Friday, July 16, 2010
A magnitude 3.6 earthquake occurred on Friday near Washington, D.C., capital of the United States. Initial reports state that the quake shook windows on buildings in the area, including the White House, but did not cause any major damage.
According to the United States Geological Survey, the tremor occurred 05:04 a.m. local time, at a depth of 5 kilometers (3.1 miles). The epicenter was located 2 kilometers at the southeast of Germantown, Maryland; 4 kilometers at the northwest of Gaithersburg, Maryland; 5 kilometers at the southwest of Montgomery Village, Maryland; 34 kilometers at the northwest of Arlington, Virginia; and 35 kilometers at the northwest of Washington, D.C.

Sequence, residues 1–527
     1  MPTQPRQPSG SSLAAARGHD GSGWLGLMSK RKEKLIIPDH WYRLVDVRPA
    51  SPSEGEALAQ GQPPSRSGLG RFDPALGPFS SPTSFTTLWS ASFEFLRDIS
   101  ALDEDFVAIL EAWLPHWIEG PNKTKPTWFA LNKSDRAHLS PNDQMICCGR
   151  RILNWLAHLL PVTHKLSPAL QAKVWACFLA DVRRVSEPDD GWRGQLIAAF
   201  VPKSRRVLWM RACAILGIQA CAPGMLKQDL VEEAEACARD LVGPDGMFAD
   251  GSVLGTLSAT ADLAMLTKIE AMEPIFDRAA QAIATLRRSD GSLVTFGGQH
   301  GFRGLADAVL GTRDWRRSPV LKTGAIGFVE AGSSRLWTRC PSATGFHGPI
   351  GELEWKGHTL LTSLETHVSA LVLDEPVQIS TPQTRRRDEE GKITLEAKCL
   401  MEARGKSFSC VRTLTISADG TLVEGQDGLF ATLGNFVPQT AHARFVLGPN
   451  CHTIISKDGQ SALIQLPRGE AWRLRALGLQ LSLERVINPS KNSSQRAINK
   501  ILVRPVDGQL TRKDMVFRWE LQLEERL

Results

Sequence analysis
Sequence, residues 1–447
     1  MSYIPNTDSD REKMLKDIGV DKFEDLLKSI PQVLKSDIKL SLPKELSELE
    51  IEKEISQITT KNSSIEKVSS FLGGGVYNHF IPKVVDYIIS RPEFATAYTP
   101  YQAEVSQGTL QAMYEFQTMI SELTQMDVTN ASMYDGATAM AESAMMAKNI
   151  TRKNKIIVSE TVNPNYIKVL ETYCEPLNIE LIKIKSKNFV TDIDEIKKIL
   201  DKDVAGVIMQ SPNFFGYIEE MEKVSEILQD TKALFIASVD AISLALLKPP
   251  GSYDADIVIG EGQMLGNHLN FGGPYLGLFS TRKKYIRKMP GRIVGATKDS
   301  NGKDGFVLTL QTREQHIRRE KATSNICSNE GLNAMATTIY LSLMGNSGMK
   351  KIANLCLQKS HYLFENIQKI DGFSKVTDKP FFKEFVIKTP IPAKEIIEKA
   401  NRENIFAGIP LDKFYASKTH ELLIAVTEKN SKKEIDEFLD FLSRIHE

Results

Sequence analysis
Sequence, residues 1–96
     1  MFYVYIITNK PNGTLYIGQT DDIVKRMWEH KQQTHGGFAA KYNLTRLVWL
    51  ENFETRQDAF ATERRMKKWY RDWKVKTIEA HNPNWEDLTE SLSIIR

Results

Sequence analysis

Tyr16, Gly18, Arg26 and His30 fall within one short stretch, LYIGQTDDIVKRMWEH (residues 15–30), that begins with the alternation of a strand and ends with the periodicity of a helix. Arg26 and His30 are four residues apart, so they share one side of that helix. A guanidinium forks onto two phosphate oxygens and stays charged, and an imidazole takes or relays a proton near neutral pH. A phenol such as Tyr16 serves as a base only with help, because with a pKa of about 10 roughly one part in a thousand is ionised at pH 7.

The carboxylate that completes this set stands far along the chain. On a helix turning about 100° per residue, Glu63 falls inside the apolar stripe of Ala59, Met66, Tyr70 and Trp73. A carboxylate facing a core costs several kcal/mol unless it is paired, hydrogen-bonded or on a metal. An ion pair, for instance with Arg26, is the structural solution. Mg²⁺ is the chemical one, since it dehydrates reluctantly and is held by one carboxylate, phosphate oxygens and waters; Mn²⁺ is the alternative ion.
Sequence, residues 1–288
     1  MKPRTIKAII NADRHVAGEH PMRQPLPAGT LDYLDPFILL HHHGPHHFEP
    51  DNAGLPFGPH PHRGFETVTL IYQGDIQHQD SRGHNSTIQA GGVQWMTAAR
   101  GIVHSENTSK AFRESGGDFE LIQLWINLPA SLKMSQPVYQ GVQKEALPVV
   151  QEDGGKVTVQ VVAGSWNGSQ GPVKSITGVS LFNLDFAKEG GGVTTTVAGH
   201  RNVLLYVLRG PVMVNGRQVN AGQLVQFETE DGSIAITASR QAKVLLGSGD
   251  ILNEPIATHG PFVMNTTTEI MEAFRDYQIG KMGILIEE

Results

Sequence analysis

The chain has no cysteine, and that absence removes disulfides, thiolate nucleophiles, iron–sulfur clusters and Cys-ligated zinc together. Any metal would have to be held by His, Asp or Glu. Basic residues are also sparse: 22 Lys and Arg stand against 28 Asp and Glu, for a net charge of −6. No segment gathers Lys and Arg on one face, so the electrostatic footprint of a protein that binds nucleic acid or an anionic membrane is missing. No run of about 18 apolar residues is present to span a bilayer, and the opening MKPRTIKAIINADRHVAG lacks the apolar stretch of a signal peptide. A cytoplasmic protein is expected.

The earthquake is the largest to strike within 50 kilometers (31 miles) of the capital in the 35 years that seismographic recordings have been taken. The previous strongest tremor in the area was a 2.6 magnitude tremor in 1990. “Most of North America east of the Rocky Mountains has infrequent earthquakes […] The earthquakes that do occur strike anywhere at irregular intervals,” USGS said.